Improving your self-talk relies on your ability to reset your negative thoughts. How often do you need to reset your self-talk, switching from negative to positive? Make it a habit! When you catch yourself thinking something negative about yourself, take a step back and try to look at the situation from a different perspective. For example, instead of thinking “I’m such a failure,” ask yourself: Is it really true? What is the evidence? Or simply say instead: “I’m doing my best and I will get better with practice.”
It can also be helpful to think about how you would talk to a friend in the same situation. Would you be as hard on them as you are on yourself? If not, why not? Try to extend the same compassion and understanding to yourself that you would to a friend.
Remember that everyone makes mistakes and has challenges in life. What matters is how you handle them. Be gentle with yourself and give yourself credit for your accomplishments, no matter how small they may seem. Every little bit counts!
4. Respond to Your Negative Self-Talk in a Productive Way
Negative self-talk can be extremely harmful to our mental health. It can lead to feelings of worthlessness, low self-esteem, and depression. However, it is possible to respond to our negative self-talk in a more productive way.
Acknowledge your negative self-talk. The first step is to simply acknowledge that you are engaging in negative self-talk. This may seem like a small thing, but it is actually very important. Once you are aware of your negative thoughts, you can begin to change them.
Don’t believe everything you think. Just because you have a thought does not mean it is true. Challenging your negative thoughts will help you to see them for what they really are – false beliefs that are not based in reality.
Talk back to your negative self-talk. Once you have identified your negative thoughts, you can start to challenge them by talking back to them. For example, if you are thinking “I’m such a failure,” you can tell yourself “That’s not true – I’ve accomplished _.”
Replace your negative self-talk with positive affirmations . Another way to respond to your negative thoughts is to replace them with positive affirmations . For example, instead of thinking “I’m not good enough,” tell yourself “
5. Practice positive self-talk and gratitude as a daily routine to protect your mental health
It’s no secret that the words we speak to ourselves can be incredibly powerful. In fact, research has shown that our self-talk can actually have a significant impact on our mental health and well-being.
One study found that individuals who engaged in positive self-talk were more likely to persevere through challenging tasks and report higher levels of happiness than those who didn’t focus on the positive.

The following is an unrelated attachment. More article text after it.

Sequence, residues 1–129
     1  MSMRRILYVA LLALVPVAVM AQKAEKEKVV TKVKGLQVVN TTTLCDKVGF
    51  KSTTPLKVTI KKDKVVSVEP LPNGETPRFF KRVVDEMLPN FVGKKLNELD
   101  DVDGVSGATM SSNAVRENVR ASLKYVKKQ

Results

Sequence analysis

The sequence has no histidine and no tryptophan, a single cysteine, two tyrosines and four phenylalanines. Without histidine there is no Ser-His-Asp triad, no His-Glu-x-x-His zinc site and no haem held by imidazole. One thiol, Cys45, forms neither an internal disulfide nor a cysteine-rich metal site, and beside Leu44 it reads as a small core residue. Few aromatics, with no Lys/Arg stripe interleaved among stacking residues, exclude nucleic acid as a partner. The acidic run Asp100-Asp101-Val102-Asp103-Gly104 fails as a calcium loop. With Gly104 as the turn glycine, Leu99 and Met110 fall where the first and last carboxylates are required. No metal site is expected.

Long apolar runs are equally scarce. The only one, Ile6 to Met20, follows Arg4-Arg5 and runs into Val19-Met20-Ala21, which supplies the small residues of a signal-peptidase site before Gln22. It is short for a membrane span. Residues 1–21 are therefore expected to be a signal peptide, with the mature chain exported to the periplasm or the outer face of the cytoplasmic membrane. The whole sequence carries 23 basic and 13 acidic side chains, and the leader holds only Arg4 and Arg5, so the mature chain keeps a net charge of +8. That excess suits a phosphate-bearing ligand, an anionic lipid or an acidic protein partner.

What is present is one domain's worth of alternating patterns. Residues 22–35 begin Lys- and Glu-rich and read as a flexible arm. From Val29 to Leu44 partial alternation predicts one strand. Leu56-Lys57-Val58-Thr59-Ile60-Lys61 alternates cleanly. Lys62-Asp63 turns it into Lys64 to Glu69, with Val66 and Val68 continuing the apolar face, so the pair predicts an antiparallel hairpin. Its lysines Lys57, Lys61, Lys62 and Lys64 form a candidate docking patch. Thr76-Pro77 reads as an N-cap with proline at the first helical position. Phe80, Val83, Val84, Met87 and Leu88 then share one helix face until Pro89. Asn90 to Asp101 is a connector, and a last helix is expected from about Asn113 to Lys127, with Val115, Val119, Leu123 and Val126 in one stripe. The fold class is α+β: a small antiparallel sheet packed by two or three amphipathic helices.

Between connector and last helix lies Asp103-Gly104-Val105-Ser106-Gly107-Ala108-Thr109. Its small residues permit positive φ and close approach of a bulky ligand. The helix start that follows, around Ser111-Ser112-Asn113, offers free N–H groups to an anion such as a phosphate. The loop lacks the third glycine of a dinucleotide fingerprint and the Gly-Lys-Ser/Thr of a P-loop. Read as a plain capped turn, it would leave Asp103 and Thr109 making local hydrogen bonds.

How can you start practicing positive self-talk and gratitude?
Pay attention to the words you use when speaking to yourself. Are they kind and encouraging? Or are they critical and negative? Make an effort to use positive words and phrases when talking to yourself. For example, instead of saying “I can’t do this,” try telling yourself “I can do this.”
Challenge your negative thoughts. When you catch yourself thinking something negative about yourself, take a moment to question why you believe that thought. Is it really true? Or is it just a negative belief that you’ve been holding onto for too long?
Practice gratitude. One of the best ways to shift your focus to the positive is by writing in your gratitude journal. Every day, take a few minutes to think about things in your life that you’re thankful for. This could be anything from your health to your relationships to your job or even just the little things like a sunny day or a good cup of coffee by yourself or with positive people.
Being human is such an adventure! I remember a time, decades ago, just after my husband died, asking myself: what makes it so easy to let this self-talk make me feel inadequate, insignificant and completely confused about what’s next? Luckily I had three small children to be with, so I wake up very quickly from that instant amnesia that grief hits you with when everything changes overnight.
I often wonder how natural is for us to let self-talk to belittle ourselves, to doubt ourselves, to feel insecure and damage our sanity? Why is so easy to forget that as humans we are born for a greater reason than we can even imagine most of the time? At some point I had no choice but to accept that we are all the authors of our own lives. You could actually write a good story about your life, and make sure you are the protagonist. But is your self-talk going to let you put your name on a great story?